Investing in Space

Morgan Stanley says 2019 could 'be the year for space,' led by the likes of SpaceX and Blue Origin

Key Points
  • Morgan Stanley says 2019 could "be the year for space," listing "key milestones and catalysts that we expect to develop."
  • Two of the top companies on Morgan Stanley's list are SpaceX and Blue Origin.
  • The firm has been telling clients to pay attention to space companies and will be hosting a "Space Summit" next month to prepare investors.
The astronauts assigned to crew the first flight tests and missions of the Boeing CST-100 Starliner and SpaceX Crew Dragon acknowledge the media upon introduction at NASA's Johnson Space Center in Houston, Texas, U.S., August 3, 2018. The astronauts are (L to R): Victor Glover, Robert Behnken, Michael Hopkins, Douglas Hurley, Eric Boe, Sunita Williams, Christopher Ferguson, Josh Cassada, and Nicole Mann.
Richard Carson | Reuters

Many on Wall Street are busy publishing 2019 market estimates but Morgan Stanley's added an outlook on the space industry.

"We expect industry / technological milestones and capital formation will up the ante starting in 2019," Morgan Stanley's Adam Jonas wrote in a note to investors on Wednesday.

Jonas, along with other Morgan Stanley analysts, repeated the firm's previous stance that the majority of investors "view the space economy as having little, if any, relevance to their portfolio," he said. But Morgan Stanley has been telling clients to pay attention to space companies and will be hosting a "Space Summit" next month to prepare investors.

Morgan Stanley said in the report that 2019 could "be the year for space," listing "key milestones and catalysts that we expect to develop."

First on Morgan Stanley's list: Elon Musk's SpaceX, which is only a few weeks away from the first of two test flights for NASA's Commercial Crew program. With the first crewed flight of SpaceX's Crew Dragon capsule scheduled for June, the company is set to become the first to launch U.S. astronauts from U.S. soil since 2011.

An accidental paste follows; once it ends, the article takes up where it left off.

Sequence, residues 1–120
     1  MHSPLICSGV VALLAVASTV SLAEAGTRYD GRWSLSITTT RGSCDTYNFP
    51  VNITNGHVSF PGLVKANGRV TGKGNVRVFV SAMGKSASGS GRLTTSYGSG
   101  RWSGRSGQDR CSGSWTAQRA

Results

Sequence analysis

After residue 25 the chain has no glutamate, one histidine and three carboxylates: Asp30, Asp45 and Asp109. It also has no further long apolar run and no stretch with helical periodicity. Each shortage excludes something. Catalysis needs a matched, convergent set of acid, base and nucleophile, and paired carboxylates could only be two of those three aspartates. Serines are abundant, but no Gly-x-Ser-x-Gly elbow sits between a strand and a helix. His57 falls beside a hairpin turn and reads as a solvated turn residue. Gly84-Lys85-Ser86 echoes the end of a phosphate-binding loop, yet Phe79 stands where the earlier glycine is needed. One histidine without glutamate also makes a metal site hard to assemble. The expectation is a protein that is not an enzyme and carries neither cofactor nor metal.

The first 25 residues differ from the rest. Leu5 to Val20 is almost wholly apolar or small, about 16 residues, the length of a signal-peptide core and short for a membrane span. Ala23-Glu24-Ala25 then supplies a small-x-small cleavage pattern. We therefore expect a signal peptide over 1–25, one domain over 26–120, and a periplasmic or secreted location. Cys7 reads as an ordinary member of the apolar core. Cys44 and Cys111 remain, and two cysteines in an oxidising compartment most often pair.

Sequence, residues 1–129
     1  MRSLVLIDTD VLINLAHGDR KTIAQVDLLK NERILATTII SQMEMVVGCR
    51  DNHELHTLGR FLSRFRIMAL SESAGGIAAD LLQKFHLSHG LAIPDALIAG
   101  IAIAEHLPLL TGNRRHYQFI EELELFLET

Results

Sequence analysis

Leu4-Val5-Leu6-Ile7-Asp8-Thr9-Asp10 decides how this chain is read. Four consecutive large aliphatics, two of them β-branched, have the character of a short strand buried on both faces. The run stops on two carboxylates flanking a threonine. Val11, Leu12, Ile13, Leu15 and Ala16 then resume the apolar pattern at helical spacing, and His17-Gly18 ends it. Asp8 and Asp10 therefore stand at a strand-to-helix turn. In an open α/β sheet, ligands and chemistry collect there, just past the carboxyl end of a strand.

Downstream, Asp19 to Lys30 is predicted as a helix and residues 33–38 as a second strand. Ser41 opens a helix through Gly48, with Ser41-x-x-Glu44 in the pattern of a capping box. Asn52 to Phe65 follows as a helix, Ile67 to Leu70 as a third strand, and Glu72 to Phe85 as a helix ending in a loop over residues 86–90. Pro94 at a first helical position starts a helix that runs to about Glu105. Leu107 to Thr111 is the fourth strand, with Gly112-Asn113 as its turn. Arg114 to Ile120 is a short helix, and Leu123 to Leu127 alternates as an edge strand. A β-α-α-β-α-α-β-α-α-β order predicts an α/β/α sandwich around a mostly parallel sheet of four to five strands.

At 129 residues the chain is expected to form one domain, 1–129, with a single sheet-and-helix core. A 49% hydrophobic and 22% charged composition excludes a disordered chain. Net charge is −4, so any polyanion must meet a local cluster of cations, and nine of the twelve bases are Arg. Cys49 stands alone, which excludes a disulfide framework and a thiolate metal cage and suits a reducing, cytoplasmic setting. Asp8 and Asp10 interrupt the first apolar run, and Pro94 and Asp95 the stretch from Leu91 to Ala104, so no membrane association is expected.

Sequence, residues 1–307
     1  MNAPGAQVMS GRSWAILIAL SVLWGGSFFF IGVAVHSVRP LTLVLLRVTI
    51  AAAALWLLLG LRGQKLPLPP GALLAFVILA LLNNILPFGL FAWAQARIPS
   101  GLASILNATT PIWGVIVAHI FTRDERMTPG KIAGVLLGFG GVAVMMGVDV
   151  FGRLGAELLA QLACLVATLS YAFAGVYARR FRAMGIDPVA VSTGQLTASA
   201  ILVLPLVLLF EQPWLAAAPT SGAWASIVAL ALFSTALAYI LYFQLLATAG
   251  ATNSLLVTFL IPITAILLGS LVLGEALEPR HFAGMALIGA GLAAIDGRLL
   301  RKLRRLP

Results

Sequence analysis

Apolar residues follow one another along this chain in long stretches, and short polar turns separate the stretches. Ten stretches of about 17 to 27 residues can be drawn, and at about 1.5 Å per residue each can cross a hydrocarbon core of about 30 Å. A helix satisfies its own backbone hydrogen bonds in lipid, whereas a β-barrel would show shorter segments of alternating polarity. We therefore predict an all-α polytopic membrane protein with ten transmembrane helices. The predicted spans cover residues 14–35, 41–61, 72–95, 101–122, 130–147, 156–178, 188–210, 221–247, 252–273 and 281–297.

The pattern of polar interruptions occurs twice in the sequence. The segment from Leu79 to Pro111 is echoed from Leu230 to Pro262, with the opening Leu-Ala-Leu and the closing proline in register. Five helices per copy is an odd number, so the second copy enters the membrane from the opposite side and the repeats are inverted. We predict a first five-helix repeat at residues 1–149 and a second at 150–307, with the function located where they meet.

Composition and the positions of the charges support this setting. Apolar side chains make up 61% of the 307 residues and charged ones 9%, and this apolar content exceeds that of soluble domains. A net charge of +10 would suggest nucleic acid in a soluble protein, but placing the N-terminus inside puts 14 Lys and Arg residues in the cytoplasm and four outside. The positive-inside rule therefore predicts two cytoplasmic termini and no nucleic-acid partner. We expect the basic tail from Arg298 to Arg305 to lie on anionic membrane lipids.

Boeing is also closing in on the first flight tests of its Starliner capsule for Commercial Crew, planned for later next year.

Morgan Stanley noted that SpaceX is building on its 2018 successes, including the first launch of the Falcon Heavy rocket, the test of its broadband satellite prototypes and key designations and awards from both NASA and the U.S. Air Force. Musk's space venture has a $28 billion valuation – making it the third most valuable private company in the world.

SpaceX's Falcon Heavy becomes world's most powerful rocket
SpaceX's Falcon Heavy becomes world's most powerful rocket

Then there is Jeff Bezos' Blue Origin, which landed a massive engine contract in September. Blue Origin is in final preparations to send humans to the edge of space on its reusable New Shepard rocket, with the first crewed flight expected in the coming months.

Morgan Stanley has highlighted Blue Origin before, saying Bezos "has both the will and, increasingly, the financial muscle to put to work" his vision for the space company. Bezos is personally putting billions of dollars behind Blue Origin's development.

Amazon's Jeff Bezos on why Blue Origin is his 'most important work'
Amazon's Jeff Bezos on why Blue Origin is his 'most important work'

The White House push to create a Space Force as a sixth military branch is also continuing, Morgan Stanley noted. The firm said the Space Force will be submitted as a legislative proposal "with the President's Budget for FY 2020 in February 2019 to support Congressional consideration in the FY 2020 National Defense."

Morgan Stanley also pointed to a flurry of young space companies, namely Vector and Virgin Orbit. Both of those companies launch small rockets, aiming to grab share of the lucrative and growing "cubesat" side of the industry. This year has been dubbed "the year of small launch" by investment firm Space Angels, especially after Rocket Lab's first orbital launch of its Electron vehicle in January.

This small-rocket unicorn wants to be the FedEx of space
Small rockets: The FedEx of space?

Overall, Morgan Stanley said its estimates for the space economy to be worth more than $1 trillion in 2040 — as well as for SpaceX to double, or even quintuple, its valuation — "are significantly tied to the developments related to satellite broadband."

"If we start to see less emphasis on broadband and / or challenges associated with 'go to market' strategies to provide bandwidth to the underserved / unserved population, then we are getting closer to" estimates on the low end of the range, Morgan Stanley said.

The firm further explained why a lack of development in broadband satellites would shift expectations for the future:

"If there is less emphasis on bandwidth, this places increased emphasis on satellite launch and earth observation in the near term, with the upside having to come from innovation that we are not able to model. Think of the innovation that has come from the internet that we would not have been able to model in the 1990s. It does not mean that it will not come, it just means that more creative minds will have to come up with solutions that come from the ability to access space at a lower cost," Morgan Stanley said.